• Exogenous H₂S inhibits activated HSC-T6 cells and induces cell cycle arrest and apoptosis. Decreased Phospho-p38 and increased Phospho-Akt expressions may mediate the anti-fibrosis effect by exogenous H₂S in mice.1
  • Reduction of CSE expression in the liver with cirrhosis contributes to the development of increased intrahepatic resistance and portal hypertension. H₂S reduced portal pressure due to the administration of NE in mice.2
  • Local inhibition of endogenous hydrogen sulfide in atria has opposite effect in cirrhotic versus control rats demonstrating impaired chronotropic responsiveness to adrenergic stimulation.3
  • Exogenous hydrogen sulfide can effectively inhibit the development of hepatic fibrosis, reduce the expression of TGF-β1, and decrease the sediment of extracellular matrix in the liver tissues.4
  • Cysteine was markedly reduced in patients with compensated chronic liver disease and study suggests that a derangement in sulphur amino acid metabolism exists in humans with chronic liver disease.5)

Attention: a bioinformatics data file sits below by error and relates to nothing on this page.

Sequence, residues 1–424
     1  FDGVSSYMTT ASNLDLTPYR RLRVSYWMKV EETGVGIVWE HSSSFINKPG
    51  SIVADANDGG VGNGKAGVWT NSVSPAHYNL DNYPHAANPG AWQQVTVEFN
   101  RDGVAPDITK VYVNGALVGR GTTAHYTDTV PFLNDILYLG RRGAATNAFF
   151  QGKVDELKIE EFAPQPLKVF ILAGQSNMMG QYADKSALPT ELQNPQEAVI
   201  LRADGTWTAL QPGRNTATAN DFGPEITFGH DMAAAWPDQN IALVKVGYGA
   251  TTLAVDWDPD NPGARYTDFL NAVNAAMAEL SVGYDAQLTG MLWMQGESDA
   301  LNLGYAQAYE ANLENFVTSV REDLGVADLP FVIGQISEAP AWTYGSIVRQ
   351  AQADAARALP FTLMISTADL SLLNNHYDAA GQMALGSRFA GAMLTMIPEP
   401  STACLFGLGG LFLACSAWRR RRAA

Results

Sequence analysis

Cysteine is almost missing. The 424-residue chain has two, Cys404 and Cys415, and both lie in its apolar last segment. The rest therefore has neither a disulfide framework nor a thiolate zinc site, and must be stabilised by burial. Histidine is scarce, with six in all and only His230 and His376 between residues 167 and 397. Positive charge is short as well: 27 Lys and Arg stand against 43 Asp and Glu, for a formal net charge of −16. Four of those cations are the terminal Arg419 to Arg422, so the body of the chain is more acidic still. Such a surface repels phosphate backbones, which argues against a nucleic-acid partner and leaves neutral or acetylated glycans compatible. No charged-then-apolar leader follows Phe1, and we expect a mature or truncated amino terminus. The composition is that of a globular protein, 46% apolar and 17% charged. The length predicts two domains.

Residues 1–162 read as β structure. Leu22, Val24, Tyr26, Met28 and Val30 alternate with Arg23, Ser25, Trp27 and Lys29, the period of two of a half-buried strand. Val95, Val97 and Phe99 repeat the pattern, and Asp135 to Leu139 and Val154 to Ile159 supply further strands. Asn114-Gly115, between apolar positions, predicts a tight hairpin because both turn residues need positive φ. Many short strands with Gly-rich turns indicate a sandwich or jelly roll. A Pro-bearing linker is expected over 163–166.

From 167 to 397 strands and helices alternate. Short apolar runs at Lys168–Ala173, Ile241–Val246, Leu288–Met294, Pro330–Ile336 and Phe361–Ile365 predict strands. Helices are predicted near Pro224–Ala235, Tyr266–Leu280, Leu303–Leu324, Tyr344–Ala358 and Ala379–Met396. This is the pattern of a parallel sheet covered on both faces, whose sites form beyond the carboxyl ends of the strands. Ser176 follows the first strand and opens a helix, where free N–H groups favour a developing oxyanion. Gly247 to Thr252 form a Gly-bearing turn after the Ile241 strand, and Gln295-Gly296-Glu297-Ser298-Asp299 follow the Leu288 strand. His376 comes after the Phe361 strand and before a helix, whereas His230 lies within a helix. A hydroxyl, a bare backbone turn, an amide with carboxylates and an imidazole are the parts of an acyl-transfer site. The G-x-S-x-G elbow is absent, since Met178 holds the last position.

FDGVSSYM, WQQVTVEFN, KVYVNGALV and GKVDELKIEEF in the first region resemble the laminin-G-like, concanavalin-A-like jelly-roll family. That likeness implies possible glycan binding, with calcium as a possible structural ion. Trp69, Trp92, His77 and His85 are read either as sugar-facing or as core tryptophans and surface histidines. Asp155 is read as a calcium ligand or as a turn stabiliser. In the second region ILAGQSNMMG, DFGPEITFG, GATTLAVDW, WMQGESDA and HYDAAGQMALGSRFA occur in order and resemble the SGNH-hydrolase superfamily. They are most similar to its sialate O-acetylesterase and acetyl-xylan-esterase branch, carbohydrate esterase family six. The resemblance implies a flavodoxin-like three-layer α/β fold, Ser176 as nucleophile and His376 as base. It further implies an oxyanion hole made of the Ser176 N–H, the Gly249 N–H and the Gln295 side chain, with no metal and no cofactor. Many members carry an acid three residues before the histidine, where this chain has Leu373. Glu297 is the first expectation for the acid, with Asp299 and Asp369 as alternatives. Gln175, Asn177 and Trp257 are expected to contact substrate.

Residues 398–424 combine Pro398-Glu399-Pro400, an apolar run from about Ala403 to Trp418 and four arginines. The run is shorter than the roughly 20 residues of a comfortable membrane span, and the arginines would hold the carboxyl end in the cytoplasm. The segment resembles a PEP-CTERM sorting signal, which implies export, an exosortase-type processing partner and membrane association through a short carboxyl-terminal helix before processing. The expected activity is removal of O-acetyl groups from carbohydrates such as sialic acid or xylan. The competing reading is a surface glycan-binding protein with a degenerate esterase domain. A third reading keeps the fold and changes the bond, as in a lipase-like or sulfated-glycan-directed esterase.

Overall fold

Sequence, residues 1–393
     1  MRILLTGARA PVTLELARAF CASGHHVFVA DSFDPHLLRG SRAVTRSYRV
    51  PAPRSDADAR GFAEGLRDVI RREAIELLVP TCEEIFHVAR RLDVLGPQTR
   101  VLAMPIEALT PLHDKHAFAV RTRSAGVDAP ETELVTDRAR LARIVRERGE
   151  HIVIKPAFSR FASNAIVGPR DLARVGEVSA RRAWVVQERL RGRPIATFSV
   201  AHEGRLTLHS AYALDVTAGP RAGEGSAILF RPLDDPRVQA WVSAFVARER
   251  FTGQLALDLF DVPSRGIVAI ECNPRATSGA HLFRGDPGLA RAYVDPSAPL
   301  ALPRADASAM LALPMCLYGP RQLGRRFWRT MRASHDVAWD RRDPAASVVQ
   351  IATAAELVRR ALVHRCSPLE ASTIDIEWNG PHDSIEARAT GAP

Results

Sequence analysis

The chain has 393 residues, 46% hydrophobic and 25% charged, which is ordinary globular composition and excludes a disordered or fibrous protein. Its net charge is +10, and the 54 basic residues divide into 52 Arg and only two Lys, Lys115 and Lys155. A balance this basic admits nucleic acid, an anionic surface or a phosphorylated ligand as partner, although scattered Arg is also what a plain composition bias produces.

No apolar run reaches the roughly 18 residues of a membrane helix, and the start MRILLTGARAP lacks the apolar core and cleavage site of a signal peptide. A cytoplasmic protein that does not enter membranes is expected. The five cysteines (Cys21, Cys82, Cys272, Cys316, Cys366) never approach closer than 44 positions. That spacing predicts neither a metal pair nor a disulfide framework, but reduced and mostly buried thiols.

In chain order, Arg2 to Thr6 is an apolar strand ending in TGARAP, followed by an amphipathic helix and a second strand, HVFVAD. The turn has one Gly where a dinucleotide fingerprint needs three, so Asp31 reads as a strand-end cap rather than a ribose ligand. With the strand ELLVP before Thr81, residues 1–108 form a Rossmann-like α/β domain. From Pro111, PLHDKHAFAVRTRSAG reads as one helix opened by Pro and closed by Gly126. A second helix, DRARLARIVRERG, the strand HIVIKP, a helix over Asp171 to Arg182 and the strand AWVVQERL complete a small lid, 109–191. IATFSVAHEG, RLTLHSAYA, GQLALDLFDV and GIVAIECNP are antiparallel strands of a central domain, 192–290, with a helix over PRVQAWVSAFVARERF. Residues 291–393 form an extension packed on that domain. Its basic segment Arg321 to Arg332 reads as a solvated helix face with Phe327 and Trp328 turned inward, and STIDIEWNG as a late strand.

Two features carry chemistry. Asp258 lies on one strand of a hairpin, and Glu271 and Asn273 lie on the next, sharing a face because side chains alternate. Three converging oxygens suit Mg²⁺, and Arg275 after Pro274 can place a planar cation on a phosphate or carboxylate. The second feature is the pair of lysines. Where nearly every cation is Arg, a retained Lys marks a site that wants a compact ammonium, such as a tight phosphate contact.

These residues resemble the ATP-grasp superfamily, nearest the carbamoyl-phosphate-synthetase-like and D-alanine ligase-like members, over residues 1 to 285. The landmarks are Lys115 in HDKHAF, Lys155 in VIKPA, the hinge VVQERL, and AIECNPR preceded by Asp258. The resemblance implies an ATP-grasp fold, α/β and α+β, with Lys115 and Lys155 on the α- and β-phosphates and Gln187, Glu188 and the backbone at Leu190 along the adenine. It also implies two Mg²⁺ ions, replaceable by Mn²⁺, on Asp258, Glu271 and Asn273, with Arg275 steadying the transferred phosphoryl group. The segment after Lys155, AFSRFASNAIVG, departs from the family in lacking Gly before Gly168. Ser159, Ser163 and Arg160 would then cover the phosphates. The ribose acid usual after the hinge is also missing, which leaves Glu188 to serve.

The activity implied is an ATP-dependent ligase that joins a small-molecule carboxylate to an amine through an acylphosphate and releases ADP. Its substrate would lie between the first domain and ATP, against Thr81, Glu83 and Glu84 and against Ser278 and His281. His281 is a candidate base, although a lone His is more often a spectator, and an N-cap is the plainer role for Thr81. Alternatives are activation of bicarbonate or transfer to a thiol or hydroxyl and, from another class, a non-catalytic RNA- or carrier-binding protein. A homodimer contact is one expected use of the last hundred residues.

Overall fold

• H₂S protects the murine liver against I/R injury through an upregulation of intracellular antioxidant and antiapoptotic signaling pathways.6
  • NaHS ameliorated hepatic IRI by direct and indirect anti-oxidant activities by augmenting pro-survival, anti-apoptotic, and anti-inflammatory signals via mechanisms involving Nrf-2, and by accelerating hepatic regeneration via mechanisms involving Akt-p70S6k.7
  • A number of in vivo and in vitro studies have shown that both endogenous H₂S level and the expressions of H₂S -generating enzymes in plasma and tissues are significantly downregulated during fibrosis. Supplement with exogenous H₂S mitigates the severity of fibrosis in various experimental animal models. The protective role of H₂S in the development of fibrosis is primarily attributed to its antioxidation, antiapoptosis, anti-inflammation, proangiogenesis, and inhibition of fibroblasts activities.8
  • Results for the first time demonstrated that H₂S could reduce serum TG level and ameliorate NAFLD by activating liver autophagy via the AMPK-mTOR pathway.9